With Philanthropic Efforts, Paul Allen Leaves Behind a Legacy
by Alex Fang
Exactly three years before his death on Monday, Paul Allen received the Carnegie Medal of Philanthropy at the New York Public Library. “I hope to be a catalyst not only by providing financial resources but also by fostering a sense of possibility, encouraging top experts to collaborate across disciplines, challenge conventional thinking and figure out ways to overcome some of the world’s hardest problems,” he said in his acceptance speech.
“Catalyst” is a word Allen often used to describe his approach to philanthropy. He funded long-term projects that he believed would make a difference in a variety of ways.
In his 2011 memoir, Idea Man, Allen recalled the thrill he felt in the early days of Microsoft: “[I]t struck me that the code I had helped to write would fundamentally change the way people worked, played, and communicated. Having that kind of impact forever changes your sense of purpose in life. It’s a feeling you’ll always want to find again.” Allen’s philanthropic work, about $2.6 billion in lifetime giving, was perhaps driven by none other than this feeling.
As a philanthropist his interests were anything but narrow. He donated funds to protect the planet, fight Ebola (with $100 million), improve education equality, support the arts, conserve wildlife, and research intelligence — both natural and artificial.
Some of his giving was certainly informed by his past. He donated at least $55 million to the University of Washington, where his father worked as a librarian and where he and Bill Gates, when they were high school students, snuck into the university’s computer science department’s labs. He also gave $26 million to Washington State University, the alma mater he dropped out of.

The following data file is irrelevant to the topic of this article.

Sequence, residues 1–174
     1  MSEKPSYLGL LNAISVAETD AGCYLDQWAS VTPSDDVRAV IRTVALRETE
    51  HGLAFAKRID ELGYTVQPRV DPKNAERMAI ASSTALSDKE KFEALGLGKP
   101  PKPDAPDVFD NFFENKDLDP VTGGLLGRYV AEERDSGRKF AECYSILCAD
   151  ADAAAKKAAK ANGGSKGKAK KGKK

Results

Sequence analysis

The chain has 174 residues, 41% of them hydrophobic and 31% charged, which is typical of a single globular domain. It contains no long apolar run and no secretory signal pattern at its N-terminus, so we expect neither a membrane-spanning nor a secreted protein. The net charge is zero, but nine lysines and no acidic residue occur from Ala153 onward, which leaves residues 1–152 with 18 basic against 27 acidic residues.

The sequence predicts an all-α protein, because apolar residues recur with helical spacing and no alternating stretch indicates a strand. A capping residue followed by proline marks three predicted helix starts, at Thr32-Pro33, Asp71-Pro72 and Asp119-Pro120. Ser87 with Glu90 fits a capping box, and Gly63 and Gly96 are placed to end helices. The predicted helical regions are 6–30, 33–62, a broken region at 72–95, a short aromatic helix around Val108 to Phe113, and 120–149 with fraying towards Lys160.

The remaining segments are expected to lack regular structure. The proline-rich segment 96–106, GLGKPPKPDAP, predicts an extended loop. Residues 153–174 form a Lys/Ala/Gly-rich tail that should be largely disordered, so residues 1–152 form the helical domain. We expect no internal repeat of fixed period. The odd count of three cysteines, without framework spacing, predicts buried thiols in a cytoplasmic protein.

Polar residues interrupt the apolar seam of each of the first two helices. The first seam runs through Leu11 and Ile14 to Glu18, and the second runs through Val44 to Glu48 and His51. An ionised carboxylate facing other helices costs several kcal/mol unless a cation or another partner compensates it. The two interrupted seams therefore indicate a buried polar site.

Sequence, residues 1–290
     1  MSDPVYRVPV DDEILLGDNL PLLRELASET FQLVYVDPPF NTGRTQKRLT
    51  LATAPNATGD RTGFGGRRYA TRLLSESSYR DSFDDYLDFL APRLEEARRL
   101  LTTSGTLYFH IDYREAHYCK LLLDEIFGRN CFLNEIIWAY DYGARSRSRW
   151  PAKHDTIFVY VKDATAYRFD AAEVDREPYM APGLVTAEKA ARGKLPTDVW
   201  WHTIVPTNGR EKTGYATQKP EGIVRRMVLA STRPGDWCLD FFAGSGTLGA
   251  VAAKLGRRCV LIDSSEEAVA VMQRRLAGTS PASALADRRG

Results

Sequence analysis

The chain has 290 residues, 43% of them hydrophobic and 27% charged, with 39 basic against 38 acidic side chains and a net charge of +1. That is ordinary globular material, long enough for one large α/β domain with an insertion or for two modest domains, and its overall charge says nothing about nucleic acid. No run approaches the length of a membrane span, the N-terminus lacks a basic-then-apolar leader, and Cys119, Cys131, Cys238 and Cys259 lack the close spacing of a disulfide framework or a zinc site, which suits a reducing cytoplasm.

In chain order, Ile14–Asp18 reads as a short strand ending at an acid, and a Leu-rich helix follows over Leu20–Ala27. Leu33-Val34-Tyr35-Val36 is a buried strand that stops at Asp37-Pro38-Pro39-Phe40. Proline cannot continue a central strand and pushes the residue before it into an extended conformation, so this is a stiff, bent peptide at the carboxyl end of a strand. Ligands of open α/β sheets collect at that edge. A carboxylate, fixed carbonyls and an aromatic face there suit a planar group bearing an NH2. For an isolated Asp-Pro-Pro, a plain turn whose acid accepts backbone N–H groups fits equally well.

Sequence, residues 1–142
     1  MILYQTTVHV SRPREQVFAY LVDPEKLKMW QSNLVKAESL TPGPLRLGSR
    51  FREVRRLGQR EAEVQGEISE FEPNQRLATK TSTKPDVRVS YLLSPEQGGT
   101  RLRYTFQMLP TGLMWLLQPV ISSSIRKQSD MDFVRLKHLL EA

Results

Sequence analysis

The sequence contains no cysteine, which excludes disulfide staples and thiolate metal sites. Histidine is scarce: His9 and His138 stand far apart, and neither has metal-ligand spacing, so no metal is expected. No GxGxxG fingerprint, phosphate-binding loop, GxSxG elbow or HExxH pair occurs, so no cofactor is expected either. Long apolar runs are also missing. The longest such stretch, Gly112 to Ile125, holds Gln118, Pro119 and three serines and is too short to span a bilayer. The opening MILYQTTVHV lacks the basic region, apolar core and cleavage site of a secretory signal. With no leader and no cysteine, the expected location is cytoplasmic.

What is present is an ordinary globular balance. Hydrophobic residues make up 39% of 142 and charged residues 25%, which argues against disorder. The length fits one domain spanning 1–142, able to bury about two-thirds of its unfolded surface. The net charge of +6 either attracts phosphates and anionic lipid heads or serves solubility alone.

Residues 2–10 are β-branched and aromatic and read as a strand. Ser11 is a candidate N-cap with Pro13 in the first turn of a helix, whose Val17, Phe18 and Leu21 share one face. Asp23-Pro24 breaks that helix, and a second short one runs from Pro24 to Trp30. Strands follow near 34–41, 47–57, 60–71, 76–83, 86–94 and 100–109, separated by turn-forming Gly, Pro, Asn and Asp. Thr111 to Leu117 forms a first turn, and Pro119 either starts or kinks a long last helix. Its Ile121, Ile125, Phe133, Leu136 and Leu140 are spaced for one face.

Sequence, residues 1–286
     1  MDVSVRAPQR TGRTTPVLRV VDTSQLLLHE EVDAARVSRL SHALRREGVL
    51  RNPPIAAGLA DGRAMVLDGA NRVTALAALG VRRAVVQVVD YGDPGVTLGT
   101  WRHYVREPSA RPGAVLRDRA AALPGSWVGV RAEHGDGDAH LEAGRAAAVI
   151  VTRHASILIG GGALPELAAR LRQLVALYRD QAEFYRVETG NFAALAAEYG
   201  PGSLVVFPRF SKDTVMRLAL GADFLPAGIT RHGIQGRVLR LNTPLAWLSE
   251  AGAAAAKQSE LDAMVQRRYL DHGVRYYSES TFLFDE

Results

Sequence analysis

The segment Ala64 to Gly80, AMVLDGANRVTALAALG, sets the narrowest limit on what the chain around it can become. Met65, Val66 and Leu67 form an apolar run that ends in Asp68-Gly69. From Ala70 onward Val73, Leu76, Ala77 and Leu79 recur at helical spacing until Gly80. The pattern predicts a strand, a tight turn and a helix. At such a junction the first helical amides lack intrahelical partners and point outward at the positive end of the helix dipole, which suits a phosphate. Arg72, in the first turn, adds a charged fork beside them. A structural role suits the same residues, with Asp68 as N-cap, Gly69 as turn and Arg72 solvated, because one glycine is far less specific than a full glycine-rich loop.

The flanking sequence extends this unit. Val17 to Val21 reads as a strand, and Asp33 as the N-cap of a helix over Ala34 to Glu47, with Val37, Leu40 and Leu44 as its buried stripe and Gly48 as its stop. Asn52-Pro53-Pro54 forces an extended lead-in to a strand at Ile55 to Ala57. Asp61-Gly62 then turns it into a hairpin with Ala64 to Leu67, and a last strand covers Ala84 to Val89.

The most prominent of his philanthropic enterprises is perhaps the $500 million Allen Institute for Brain Science, which was founded in 2003 with the mission to understand humankind’s most complex organ.
The conception of the institute was driven by Allen’s own fascination with the brain, which he referred to as the “ultimate machine.” The investor in him wanted to make sure he had an executable idea before starting an organization. “I wanted a facility run on an industrial scale, with biotech urgency but without the profit motive,” he recalled in his memoir.
In early spring of 2002, he invited 21 scientists — from linguist and psychologist Steven Pinker to Nobel laureate Richard Axel — to his private yacht for a three-day brainstorming session, which he referred to as a charrette. There they agreed that mapping the way genes are expressed in the brain would benefit the whole of neuroscience.
The idea also delighted Allen in that it was big science but with real-world utility value, because the research could advance our understanding of Alzheimer’s (from which his mother died), schizophrenia, and a range of other brain conditions. An atlas of the brain thus became the institute’s inaugural focus. In 2017, the institute debuted its database of live human brain cells, which may help further scientific understanding of conditions like autism, Alzheimer’s and Parkinson’s.
Allen also went on to establish the Allen Institute for Cell Science; the bioscience-focused Frontiers Group; and the Allen Institute for Artificial Intelligence, whose tagline reads, “AI for the Common Good.” These organizations all operate with an open science model, sharing data and tools with the public.
Beyond science, Allen was passionate about music. A longtime guitar player — he played in a band called the Underthinkers — Allen founded the Experience Music Project (now called the Museum of Pop Culture) in 2000, dedicated to the ideas that fuel popular culture. Just last year he launched the Upstream Music Fest + Summit, a 3-day celebration of music in the Pacific Northwest.
His wide-ranging curiosity led Allen to fund an eclectic mix of philanthropic projects. The self-proclaimed “idea man” left behind a legacy that amounts to far more than ideas.
Paul Allen’s mega gifts and pledges:
$500 million to Allen Institute for Brain Science
$240 million to found the Experience Music Project/Science Fiction Museum and Hall of Fame, now the Museum of Pop Culture
$125 million to found the Allen Institute for Artificial Intelligence
$100 million to found the Allen Institute for Cell Science
$100 million to found the Allen Frontiers Group
$100 million to fight Ebola